The trip from Beck's house to the hospital was a short ten minutes, so I figured by the time she got dressed, drove to the ER, and found a parking space, Beck would arrive in about twenty minutes tops. After twenty minutes passed, I informed a passing nurse that my daughter might be in the waiting room, could she go check. I don't know if she checked or not, for I never saw her again.

After another ten minutes, I began some serious worrying, convinced Beck had been in an accident, and it was all my fault because I had dragged her out of bed to pick me up, that I should have called a taxi instead. For the next half-hour, I manhandled every human that walked past me, asking them if my daughter had arrived, unaware of the fact that she was filling her gas tank or wandering around my mother's house wondering where she could possibly be this at time of night.

Eventually Beck figured out that her grandmother must be at the ER with me and she arrived about the same time the doctor appeared with my blood work results. It seemed that I must have inhaled more smoke than they thought because the tests revealed a high level of something, I never did understand what. Now, if I were a smoker, the doctor informed me, the tests would be about normal and I could go home. But I wasn't a smoker, so a hospital stay was necessary.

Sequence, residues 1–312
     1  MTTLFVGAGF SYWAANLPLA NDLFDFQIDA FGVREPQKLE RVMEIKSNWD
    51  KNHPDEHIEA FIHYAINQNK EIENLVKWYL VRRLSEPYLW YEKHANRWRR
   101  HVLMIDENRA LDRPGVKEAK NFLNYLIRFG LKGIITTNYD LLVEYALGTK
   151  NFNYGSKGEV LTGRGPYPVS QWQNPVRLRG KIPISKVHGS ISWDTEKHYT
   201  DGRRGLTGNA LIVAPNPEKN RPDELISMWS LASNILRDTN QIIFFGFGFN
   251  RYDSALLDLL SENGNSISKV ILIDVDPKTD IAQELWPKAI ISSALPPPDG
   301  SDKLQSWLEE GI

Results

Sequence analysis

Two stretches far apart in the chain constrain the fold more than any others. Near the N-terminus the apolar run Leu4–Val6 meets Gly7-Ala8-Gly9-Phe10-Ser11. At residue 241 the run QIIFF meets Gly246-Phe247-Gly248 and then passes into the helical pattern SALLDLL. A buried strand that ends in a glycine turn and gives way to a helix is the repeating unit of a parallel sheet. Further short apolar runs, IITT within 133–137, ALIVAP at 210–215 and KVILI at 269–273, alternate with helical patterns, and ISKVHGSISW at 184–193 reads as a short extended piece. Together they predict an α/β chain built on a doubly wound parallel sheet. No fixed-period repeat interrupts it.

My little omission had backfired. I now had to admit that not only was I one of those horrid smokers, but that I was a liar as well. I guess the doctor figured I had been through enough that night, for he was kind enough to forgo the lecture and simply signed my release papers.So what about the car? you ask. It was towed the next day and signed over to the tow company for scrap. Beck's husband appeared at my office a few days later and handed me a set of keys. "Found a good used car for you," he said, "the owner said you can test drive it over the weekend and then get back to him." I drove this vehicle for over six, years and, while it proved to be a good little car, did manage to get itself stolen about two years later, which is of course another story.

Deborah L. Reed currently resides in a small bedroom community in Central Texas with her daughter, grandson, and two dogs. She is a retired Science teacher who now works in Code Enforcement.